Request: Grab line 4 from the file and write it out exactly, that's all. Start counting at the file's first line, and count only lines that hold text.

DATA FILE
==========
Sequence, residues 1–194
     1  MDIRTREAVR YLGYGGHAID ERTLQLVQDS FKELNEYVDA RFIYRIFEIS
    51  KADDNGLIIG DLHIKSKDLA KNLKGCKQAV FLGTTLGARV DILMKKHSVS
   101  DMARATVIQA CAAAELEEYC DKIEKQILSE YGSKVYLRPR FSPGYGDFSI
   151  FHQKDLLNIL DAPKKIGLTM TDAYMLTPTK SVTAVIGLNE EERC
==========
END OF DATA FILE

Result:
   101  DMARATVIQA CAAAELEEYC DKIEKQILSE YGSKVYLRPR FSPGYGDFSI